February 5th 2011


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Articles from this issue:

COVER STORY: After the deluge, build new dams!

NATIONAL SECURITY: Heightened terror threat likely in 2011

EDITORIAL: Dealing with the China challenge

CANBERRA OBSERVED: Can Julia Gillard re-invent herself?

TASMANIA: New premier is an Emily's List radical feminist

SOUTH AUSTRALIA: Rann Labor Government beset by factional brawls

CLIMATE CHANGE: Floods caused by global warming: Bob Brown

ENVIRONMENTALISM: Greenpeace co-founder has second thoughts

INTERNATIONAL AFFAIRS: The Chinese president goes to Washington

UNITED STATES: Same-sex marriage: who says nothing will change?

FEMINISM: Australia Post honours four radical feminists

OPINION: Mother-child bond diagnosed as a mental disturbance

CULTURE AND CIVILISATION: C.S. Lewis and False Apology Syndrome

CINEMA: A dark and twisted psychological thriller - Black Swan (rated R)

BOOK REVIEW: NO SHADES OF GREY, by Lou Rowan

BOOK REVIEW: THE LAST ENGLISHMAN: The Double Life of Arthur Ransome, by Roland Chambers

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CANBERRA OBSERVED:
Can Julia Gillard re-invent herself?


by national correspondent

News Weekly, February 5, 2011
The biggest question facing Julia Gillard over the coming year is whether she can truly throw off the shackles of the first troubled Rudd Labor Government, re-invent herself as prime minister and map out a clear new agenda.

There is a growing perception that Ms Gillard may have in fact "peaked" in popularity and that the electorate is not entirely comfortable with her as leader of the country.

A prime minister who comes to power in controversial circumstances - as Malcolm Fraser discovered in 1975 - always has to deal with a certain odour of illegitimacy.

It is not easy to recover from this and there are still many Labor supporters who remain unhappy with the way Ms Gillard became prime minister.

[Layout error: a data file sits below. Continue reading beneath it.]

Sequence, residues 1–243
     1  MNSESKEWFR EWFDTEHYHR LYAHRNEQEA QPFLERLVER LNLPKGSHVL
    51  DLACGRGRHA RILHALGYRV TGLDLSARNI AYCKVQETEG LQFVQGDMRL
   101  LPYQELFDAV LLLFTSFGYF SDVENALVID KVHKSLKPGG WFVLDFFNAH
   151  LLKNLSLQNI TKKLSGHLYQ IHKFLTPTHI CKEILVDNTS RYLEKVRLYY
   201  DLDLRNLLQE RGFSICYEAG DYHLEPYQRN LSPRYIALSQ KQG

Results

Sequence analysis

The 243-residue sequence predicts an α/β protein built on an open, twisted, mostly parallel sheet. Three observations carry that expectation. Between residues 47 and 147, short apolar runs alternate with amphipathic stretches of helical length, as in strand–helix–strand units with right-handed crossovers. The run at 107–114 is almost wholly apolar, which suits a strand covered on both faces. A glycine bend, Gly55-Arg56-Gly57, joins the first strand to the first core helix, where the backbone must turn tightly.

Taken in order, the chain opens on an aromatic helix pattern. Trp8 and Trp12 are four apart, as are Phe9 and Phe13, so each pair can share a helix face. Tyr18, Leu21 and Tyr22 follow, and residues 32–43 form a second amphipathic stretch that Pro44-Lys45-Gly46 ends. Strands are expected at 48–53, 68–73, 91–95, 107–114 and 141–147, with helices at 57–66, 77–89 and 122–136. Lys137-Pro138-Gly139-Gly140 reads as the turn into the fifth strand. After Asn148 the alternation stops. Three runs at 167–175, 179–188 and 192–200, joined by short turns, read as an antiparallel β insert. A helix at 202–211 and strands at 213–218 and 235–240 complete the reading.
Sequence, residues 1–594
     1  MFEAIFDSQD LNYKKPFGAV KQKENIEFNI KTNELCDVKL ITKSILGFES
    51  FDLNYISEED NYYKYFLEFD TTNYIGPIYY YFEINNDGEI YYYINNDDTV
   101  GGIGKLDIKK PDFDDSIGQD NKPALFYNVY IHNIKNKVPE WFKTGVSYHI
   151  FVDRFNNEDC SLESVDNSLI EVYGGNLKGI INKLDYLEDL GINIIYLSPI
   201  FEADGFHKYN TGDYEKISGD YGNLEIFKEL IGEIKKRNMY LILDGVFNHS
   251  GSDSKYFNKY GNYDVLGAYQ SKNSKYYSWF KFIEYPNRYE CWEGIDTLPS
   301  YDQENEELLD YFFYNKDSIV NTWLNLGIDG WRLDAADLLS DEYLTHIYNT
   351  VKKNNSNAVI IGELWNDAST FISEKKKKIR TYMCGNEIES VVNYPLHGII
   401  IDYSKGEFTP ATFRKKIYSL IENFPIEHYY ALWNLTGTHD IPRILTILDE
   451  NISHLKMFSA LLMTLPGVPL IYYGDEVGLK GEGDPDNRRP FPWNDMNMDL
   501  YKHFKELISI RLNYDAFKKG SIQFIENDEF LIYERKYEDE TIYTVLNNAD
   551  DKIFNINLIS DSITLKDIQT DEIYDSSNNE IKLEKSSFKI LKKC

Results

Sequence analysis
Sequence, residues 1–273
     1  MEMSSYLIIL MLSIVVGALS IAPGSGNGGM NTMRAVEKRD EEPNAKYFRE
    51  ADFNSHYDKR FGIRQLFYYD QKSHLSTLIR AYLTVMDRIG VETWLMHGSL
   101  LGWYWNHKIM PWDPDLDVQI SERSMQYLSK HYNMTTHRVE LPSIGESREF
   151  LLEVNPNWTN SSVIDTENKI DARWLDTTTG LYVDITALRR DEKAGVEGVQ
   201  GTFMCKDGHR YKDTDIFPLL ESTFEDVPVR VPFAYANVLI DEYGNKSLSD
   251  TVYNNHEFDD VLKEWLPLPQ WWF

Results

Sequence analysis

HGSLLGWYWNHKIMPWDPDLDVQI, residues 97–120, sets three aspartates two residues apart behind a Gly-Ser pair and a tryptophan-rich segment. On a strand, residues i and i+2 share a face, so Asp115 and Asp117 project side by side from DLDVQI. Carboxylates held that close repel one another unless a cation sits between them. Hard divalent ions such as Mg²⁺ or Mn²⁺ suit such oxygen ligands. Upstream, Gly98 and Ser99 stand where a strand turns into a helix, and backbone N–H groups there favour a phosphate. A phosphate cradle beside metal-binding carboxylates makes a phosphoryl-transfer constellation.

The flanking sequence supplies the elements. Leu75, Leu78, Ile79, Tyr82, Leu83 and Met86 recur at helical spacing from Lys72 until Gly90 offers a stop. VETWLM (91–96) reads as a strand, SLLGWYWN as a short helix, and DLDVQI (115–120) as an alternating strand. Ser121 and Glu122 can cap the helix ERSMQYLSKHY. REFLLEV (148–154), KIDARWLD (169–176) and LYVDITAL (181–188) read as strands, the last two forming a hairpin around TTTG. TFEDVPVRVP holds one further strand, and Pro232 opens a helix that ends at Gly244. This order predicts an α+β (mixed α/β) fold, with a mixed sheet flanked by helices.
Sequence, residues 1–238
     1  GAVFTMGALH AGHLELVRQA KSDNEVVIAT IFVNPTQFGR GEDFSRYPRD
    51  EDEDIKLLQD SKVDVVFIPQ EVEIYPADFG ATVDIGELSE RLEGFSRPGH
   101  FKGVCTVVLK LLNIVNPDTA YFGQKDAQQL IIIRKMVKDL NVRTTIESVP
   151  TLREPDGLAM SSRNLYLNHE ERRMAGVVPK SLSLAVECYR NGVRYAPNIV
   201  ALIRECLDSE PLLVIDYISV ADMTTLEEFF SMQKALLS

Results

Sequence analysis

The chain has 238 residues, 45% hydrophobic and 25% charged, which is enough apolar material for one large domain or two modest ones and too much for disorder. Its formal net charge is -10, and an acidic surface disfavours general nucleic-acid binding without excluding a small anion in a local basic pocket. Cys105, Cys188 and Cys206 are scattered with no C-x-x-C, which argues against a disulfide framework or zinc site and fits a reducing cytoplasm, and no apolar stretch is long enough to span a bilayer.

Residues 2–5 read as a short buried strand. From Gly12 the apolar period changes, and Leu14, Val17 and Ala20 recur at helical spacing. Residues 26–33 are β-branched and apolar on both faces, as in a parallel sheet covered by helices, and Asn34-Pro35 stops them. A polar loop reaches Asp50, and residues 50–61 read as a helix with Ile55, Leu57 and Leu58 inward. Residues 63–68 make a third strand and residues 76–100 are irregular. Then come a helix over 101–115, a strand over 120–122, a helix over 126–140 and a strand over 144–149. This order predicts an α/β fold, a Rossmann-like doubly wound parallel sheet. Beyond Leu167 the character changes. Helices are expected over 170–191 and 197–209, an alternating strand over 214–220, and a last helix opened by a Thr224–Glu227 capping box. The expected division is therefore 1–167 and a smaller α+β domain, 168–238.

Ms Gillard would need to win the next election comfortably to shake this off, and she knows this will be the true test of her time in politics.

In the meantime, she has her work cut out to build confidence in her credentials as a national leader beyond her obvious formidable skills as a parliamentarian and hard-nosed negotiator.

John Howard was also initially not popular in his own right. However, through a combination of grinding determination, shrewdness and good policy, he built a persona about himself derived not in small part from his daily morning walk, which eventually drew respect for him as a politician from even his harshest critics.

Opinion polls suggest a certain public ambivalence toward Ms Gillard and she has been unable to shake this off after participating in a coup against Kevin Rudd, only to succeed in securing the narrowest of victories in the election last year.

The Gillard Government itself faces a series of tough decisions, not least of which is setting the forthcoming May federal Budget on a course back to surplus.

It will not be easy for Ms Gillard to build a relationship with the Australian people when programs are being trimmed across the board and attempts are being made to wind back middle-class welfare, reform nursing-home financing or rein in the exploding disability pension system.